Among students who have attended UCR, only 65 percent of first-generation collegiates have graduated within a six-year span of taking classes. This number is far from being acceptable, and — if it were the graded percentage on a test or essay — would leave most people wondering where they went wrong. It should come as no surprise then, that UCR is now endeavoring to remedy the subpar graduation rates of first-generation and low-income students.
Recently the school has joined the University Innovation Alliance (UIA), a group that — according to its website — is a “consortium of 11 large public research universities committed to making high-quality college degrees accessible to a diverse body of students.” The UIA has committed $11 million to assisting those students who come from low-income backgrounds, as those are the group that “(lag) the farthest behind.” Additionally, the group will assist those students who are the first generation in their family to attend university.
At first glance, this $11 million commitment to assisting students new to a college environment may seem unnecessary, as UCR already possesses multiple programs designed to help these students along. The Humanities and Social Sciences departments of UCR are greatly helped by the relatively new program of CHASS F1RST, which sets students belonging to these colleges up with learning communities and a course set that follows a specific theme. This program encourages not only a sense of community among students who are likely to see each other again in later classes, but requires participation in school events, acclimating new students to a more diverse college life than they otherwise may have had.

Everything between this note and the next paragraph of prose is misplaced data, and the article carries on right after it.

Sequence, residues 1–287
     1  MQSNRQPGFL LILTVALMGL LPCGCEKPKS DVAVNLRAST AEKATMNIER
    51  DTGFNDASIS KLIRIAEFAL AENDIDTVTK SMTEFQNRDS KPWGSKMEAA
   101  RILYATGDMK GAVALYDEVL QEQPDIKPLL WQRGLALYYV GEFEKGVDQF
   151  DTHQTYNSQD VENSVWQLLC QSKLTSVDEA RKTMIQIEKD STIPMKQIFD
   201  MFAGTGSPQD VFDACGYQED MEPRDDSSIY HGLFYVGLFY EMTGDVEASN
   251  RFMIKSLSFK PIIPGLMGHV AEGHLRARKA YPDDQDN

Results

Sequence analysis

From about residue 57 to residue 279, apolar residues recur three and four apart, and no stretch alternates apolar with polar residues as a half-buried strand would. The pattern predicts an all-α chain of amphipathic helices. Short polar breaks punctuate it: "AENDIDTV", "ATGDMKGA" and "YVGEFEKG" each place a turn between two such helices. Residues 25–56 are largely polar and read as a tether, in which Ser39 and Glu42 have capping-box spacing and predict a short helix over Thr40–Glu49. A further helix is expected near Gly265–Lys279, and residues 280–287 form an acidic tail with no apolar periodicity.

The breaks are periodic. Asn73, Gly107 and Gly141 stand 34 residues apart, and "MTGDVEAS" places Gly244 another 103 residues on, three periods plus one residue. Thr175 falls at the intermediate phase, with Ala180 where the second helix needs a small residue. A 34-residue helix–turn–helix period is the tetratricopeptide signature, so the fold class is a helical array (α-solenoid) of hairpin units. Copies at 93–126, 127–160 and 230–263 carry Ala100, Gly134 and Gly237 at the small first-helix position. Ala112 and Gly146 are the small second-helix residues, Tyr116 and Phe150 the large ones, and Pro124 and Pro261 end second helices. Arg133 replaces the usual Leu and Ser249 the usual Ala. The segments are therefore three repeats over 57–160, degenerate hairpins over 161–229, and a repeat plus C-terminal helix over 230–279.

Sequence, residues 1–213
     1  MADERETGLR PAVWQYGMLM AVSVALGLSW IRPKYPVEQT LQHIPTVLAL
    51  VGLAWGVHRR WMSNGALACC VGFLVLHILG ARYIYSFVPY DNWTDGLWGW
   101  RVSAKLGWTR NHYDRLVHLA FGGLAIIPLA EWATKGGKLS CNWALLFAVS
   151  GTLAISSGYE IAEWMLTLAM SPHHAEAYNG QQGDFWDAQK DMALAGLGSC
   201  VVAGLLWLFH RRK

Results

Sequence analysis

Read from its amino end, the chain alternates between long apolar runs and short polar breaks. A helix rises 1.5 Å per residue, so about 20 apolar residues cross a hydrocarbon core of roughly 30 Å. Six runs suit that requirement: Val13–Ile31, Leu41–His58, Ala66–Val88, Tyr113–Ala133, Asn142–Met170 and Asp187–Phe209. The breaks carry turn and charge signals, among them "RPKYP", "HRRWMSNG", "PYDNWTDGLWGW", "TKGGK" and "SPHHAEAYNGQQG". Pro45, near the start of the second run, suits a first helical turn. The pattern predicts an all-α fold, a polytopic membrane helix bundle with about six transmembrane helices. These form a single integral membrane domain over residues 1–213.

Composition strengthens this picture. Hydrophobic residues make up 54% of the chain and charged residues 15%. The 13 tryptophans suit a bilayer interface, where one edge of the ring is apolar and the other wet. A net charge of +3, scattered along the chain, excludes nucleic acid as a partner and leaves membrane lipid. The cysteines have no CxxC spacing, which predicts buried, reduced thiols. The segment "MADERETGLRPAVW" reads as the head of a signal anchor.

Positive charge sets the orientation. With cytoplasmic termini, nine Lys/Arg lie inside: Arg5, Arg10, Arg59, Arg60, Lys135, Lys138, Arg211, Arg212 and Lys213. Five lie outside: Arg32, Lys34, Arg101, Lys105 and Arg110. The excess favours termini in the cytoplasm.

Likewise, the College of Natural and Agricultural Sciences (CNAS) creates a sense of fellowship and support with the use of learning communities. These communities, much like CHASS F1RST, are focused on ensuring that students are properly adjusted to the newly stressful college environment, as well as providing assistance in science courses which can prove daunting to new students.
These two programs (not to mention the various tutoring and mentoring services available around campus) may seem as though they provide more than enough support for students who are the first in their families to attend college. However, when looking at the larger scheme of things, the graduation rates tell a different story. According to The Press Enterprise, “UCR’s overall graduation rate remains below that of several other UC schools and of alliance members such as the University of Texas at Austin.”
When it comes to the advancement of education, every possible step should be taken to ensure that students are fully equipped to deal with the stress of college and of post-grad life. With help from the other members of the UIA, UCR may become the highest-rated UC in terms of graduation rates, as well as spreading the many of its own programs such as CHASS F1RST to new schools.